Removing Barriers to Higher Education for Undocumented Students

Zenen Jaimes Pérez
December 24, 2014

For undocumented students, access to higher ed is important because educational attainment is often necessary for legal status and citizenship. Yet laws and college practices often make access difficult. This report from the Center for American Progress' Generation Progress initiative looks at legal and structural barriers to higher education, why this matters and how policymakers can clear the path to a brighter future for thousands of young, eager students and for the country as a whole.

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report coverEach year, millions of students graduate from American high schools. Counted among that throng of proud graduates are about 65,000 undocumented students. Unlike for their classmates, however, this moment of achievement for undocumented graduates is muted by the facts that their path to higher education remains difficult at best. Access to higher education for undocumented students is especially important because the pathways to legalization in immigration reform have been closely linked with education attainment, but undocumented students have to navigate a complex web of federal, state, and postsecondary institution policies in order to achieve a postsecondary education.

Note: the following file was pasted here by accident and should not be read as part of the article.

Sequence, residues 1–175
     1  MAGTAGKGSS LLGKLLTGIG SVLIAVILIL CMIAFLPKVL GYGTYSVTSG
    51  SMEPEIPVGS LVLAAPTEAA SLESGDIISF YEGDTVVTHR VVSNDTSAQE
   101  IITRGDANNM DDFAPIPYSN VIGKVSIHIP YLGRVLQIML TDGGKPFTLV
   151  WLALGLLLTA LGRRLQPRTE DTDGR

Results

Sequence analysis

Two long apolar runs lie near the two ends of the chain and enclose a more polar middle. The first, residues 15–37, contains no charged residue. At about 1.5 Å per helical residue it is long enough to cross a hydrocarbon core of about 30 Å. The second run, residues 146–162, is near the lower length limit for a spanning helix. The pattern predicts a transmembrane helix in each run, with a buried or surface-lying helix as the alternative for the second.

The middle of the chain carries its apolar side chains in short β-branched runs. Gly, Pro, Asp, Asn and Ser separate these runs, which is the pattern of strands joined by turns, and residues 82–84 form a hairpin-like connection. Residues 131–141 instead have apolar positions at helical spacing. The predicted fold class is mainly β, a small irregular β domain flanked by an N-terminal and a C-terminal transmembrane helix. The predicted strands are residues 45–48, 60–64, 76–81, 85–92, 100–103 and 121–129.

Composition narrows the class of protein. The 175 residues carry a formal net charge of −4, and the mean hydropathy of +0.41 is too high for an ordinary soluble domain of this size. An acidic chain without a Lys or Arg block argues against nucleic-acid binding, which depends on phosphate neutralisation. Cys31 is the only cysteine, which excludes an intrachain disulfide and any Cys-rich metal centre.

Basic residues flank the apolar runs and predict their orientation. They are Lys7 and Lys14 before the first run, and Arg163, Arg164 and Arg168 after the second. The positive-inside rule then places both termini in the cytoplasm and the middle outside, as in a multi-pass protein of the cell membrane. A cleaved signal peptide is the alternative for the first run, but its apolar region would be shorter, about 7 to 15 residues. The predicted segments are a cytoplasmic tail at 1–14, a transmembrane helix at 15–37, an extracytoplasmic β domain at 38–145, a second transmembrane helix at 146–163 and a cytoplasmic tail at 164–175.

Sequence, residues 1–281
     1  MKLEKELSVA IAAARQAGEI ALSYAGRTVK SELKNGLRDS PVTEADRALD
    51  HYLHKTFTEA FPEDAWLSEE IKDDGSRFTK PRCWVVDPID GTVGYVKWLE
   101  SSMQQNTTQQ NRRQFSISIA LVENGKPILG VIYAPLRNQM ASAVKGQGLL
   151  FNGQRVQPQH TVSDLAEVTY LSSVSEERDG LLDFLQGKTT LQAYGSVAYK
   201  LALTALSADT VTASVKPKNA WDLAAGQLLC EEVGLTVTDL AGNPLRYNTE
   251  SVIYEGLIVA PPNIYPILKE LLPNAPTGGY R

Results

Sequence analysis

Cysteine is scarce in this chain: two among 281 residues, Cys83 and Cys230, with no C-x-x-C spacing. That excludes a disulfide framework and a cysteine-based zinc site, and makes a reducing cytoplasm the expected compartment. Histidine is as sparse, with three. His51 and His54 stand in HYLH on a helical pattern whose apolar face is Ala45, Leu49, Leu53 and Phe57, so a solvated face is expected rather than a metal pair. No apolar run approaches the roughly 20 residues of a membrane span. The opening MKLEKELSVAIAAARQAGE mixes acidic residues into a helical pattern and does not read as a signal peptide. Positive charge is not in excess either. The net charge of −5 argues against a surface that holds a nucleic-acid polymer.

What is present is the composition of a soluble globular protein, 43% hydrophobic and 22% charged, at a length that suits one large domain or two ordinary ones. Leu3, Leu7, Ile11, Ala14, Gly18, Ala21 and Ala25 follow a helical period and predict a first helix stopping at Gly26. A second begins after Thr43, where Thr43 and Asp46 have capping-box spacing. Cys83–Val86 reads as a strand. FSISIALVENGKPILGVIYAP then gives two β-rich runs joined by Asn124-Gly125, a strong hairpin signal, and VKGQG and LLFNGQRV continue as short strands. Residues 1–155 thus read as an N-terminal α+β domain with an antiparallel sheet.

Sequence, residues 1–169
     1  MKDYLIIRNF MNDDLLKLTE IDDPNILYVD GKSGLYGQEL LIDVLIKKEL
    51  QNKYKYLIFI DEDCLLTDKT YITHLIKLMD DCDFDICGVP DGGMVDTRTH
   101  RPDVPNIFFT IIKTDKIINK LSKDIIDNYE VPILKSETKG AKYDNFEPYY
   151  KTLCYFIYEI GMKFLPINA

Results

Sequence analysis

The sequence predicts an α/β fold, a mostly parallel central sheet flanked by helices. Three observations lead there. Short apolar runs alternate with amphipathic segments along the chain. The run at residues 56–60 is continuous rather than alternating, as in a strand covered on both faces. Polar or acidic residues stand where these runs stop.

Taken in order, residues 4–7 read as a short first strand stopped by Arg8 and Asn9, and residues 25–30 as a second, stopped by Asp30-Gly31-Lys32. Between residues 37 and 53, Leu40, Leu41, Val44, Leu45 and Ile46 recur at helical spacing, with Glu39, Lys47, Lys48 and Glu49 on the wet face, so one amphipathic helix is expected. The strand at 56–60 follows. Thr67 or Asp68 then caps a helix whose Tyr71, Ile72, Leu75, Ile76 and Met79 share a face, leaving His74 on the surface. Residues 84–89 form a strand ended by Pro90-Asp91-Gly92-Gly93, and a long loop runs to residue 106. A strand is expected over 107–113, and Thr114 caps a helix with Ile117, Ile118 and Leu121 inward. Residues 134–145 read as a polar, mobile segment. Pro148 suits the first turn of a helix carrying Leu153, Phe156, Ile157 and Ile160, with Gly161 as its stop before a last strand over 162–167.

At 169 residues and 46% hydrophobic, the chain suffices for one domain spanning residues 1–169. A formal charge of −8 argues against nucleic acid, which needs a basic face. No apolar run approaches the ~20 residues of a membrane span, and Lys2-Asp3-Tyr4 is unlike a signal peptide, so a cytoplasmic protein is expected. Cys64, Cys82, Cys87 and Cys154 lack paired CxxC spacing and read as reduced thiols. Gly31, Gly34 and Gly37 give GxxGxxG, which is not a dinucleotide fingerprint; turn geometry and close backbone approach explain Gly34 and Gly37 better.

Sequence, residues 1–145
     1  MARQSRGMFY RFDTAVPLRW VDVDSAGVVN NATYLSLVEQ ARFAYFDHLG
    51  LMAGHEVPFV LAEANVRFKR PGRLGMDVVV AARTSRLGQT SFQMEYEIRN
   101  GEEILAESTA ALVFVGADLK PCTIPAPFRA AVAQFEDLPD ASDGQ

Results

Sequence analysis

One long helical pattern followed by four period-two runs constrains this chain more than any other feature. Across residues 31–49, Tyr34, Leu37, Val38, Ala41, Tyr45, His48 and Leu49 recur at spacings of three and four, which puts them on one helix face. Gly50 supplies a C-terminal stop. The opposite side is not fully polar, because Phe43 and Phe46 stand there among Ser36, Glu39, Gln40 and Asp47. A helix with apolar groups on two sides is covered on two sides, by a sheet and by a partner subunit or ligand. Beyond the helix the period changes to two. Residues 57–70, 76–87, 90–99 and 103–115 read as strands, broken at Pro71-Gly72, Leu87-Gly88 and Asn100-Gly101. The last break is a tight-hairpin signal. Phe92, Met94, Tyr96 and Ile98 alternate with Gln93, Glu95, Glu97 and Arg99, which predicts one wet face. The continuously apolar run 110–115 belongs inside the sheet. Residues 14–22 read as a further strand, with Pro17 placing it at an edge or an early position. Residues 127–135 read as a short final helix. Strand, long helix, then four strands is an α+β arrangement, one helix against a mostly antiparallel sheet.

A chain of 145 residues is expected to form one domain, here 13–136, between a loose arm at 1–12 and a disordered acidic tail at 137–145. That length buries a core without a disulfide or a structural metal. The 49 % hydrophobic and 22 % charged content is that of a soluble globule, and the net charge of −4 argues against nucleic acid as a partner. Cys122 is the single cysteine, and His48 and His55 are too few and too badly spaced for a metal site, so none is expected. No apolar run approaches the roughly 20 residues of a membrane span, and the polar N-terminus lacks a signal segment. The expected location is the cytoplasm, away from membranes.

Undocumented students in all states are still prohibited from accessing all forms of federal education benefits that make up a large percentage of how students finance their postsecondary education. Besides tuition-equity laws, undocumented students face structural barriers to higher education, such as a lack of adequate mentoring, limited information on eligibility from postsecondary institutions, and a lack of continued financing for tuition and other living costs. The fact that they are too often locked out of colleges, universities, and other institutions of higher education is a loss not only for them but for the country as well. This lack of access to higher education means that potential entrepreneurs, highly skilled workers, and middle-class consumers and taxpayers will not be there to grow our economy. It is up to policymakers to unblock the path to a brighter future for thousands of young, eager students and for the country as a whole.

Read the full article and report on the Generation Progress website.


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